Now Exempt

Follow up on my Buses and Railroad Crossings post from August 11, 2014. At some point recently an “Exempt” sign was added, so buses need no longer stop here (the railroad crossing on Franklin Avenue adjacent to I-94). The line has been essentially unused since Bemis closed stopped getting shipments. The site is now being reconfigured as Brickhouse Lofts.

In short, streets.mn gets results.

Now let’s make it a useful trail.

Railroad Crossing Exempt

Railroad Crossing Exempt

Weedy tracks

Weedy tracks

The highest and best use of urban space is as a rail siding to park trains.

The highest and best use of urban space is as a rail siding to park trains.

Aaron Isaacs writes:

The Exempt sign was posted after the last shipper up near Delaware Street stopped receiving rail cars. Metro Transit requested the sign. The sign means there are no longer regular train movements. However, the railroad is still in service and still uses the crossing occasionally to switch the yard south of Franklin. Those freight cars may be stored out of service, but they generate rental revenue for the railroad. Rail car storage comes and goes with the traffic demands of the rail system, and the railroad receives income for storing them. Unless someone wants to buy the land from the railroad, I don’t see that changing anytime soon.


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12 Responses to Now Exempt

  1. Doug August 11, 2015 at 7:41 am #

    Good idea with the Exempt sign and I wish you luck with the trail. I hope the wheels are already in motion. Here in SW Florida, we have a rail that looks similar to yours. Hard to get folks to see the vision of a path regardless of how many other towns have been successful, but we are not giving up.

  2. Wayne August 11, 2015 at 9:18 am #

    Good luck getting the RR to give up the land. Isn’t there some ridiculous federal process for officially decommissioning rail lines too, even if they haven’t actually be active or used in quite some time?

    • Adam Froehlig
      Adam Froehlig August 12, 2015 at 8:12 am #

      There is a process with the Federal Surface Transportation Board (STB) for railroads to officially request abandoning rail lines., but it’s not as ridiculous as one might think, especially if it’s an unused line that lacks customers. The ridiculousness happens when railroads try to abandon lines that are still in use, and businesses along the line fight the abandonment.

      I would think that, in this case, it would be fairly smooth sailing for Minnesota Commercial Railroad (the line owner) to abandon it if desired.

  3. Nick Benson August 11, 2015 at 9:50 am #

    As a train nerd, that’s a bummer; I missed the memo on the business on that line going away, and it had been on my list of things to photograph for quite a while, dang.

    Additional trivia: that’s one of only a handful of remaining crossing devices made here in the Twin Cities by the Griswold Signal Company, which had a distinctive design where a stop sign would rotate 90″ to face automobile traffic when activated by a train.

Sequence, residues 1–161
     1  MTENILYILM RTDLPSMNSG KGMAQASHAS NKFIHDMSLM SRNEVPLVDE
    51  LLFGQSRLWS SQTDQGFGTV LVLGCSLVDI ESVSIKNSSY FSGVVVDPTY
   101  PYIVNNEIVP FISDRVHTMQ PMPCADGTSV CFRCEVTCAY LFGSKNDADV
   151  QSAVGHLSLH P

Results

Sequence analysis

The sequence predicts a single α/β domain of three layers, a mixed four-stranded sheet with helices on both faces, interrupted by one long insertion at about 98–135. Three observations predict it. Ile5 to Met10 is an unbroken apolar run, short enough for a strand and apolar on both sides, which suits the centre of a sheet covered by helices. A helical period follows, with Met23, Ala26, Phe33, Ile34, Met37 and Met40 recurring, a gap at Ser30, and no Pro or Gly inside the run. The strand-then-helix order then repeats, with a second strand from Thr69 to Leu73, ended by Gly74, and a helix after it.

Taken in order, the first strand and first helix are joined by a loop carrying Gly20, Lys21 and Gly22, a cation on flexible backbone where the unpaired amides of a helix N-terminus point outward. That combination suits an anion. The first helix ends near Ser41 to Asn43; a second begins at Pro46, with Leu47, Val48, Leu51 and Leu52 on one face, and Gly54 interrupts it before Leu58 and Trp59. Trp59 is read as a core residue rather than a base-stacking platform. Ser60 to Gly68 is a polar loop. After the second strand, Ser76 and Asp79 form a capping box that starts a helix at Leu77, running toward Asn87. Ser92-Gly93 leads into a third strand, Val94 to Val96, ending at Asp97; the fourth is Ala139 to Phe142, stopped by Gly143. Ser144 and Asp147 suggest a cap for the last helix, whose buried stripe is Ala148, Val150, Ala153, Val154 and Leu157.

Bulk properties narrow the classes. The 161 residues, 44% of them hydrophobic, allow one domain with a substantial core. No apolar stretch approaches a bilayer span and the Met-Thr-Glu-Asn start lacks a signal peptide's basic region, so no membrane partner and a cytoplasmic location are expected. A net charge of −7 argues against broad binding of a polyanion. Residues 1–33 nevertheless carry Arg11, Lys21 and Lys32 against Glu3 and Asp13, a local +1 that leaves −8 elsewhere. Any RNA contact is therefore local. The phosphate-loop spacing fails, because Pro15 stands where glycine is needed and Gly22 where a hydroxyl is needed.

4. Walker Angell
    Walker Angell August 11, 2015 at 10:34 am #

    Do railroads pay taxes on their land?

    • Nick Benson August 11, 2015 at 11:22 am #

      Yes.

      • Alex Cecchini
        Alex Cecchini August 11, 2015 at 12:07 pm #

        Do they to the county? I know RRs pay property taxes across the country in general, but the land along tracks and yards almost always has $0 for total tax owed to Hennepin County.

  5. Peter Bajurny August 11, 2015 at 11:52 am #

    Is there any potential transit use for this ROW?

    • Peter Bajurny August 11, 2015 at 11:56 am #

      Looking at the map, you could maybe have something come from the Midtown Greenway, cross the river, and follow these tracks north to connect to the Green line, but you’d have to do some work to get from the end of the tracks currently to the Green line. You could maybe run to Huron, run up Huron, and connect to the Green Line tracks at Stadium Village?

      I swear I’m not suggesting that because it would mean a one seat ride from my house to my office.

      • Alex Cecchini
        Alex Cecchini August 11, 2015 at 12:23 pm #

        I’ve certainly seen that route proposed on fantasy maps before. Levinson proposed it as part of a Minneapolis Circle Line here.

        There’s also the option of continuing east along the Short Line tracks and potentially linking up with the proposed Grand Ave streetcar tracks if you could hop out of the Ayd Mill trench easily enough. That would be a single seat ride from Uptown to downtown StP with a whole lot of grade separation along the way.

  6. Adam Froehlig
    Adam Froehlig August 12, 2015 at 8:42 am #

    A MUP (Multi-Use Path) along this rail ROW would be a nice-to-have, but I don’t see it as a priority, nor would it be particularly useful. Assuming that the railroad would want to keep the triple-track just southeast of Franklin Ave for railcar storage space, you could only realistically run a MUP from Essex St near the Brickhouse Lofts down to Franklin Ave. Even if the whole spur was abandoned, you could only extend a MUP down to East River Pkwy next to the Shriners Hospital.

    Anything beyond that would require approval from the railroad to allow a MUP in their rail ROW. We know that trails and rail can share, but the railroad cannot legally be forced to accept it.

    But if the railroads (both Minnesota Commercial and Canadian Pacific) are willing to share, you could reasonably get a MUP down to Prior Ave at I-94.

Trackbacks/Pingbacks

  1. Sunday Summary – August 16, 2015 | streets.mn - August 16, 2015

    […] at Snelling and I-94 has been the subject of discussion as a location for the new soccer stadium. Now Exempt is David Levinson’s follow up to his post Buses and Railroad Crossings from August 2014; […]

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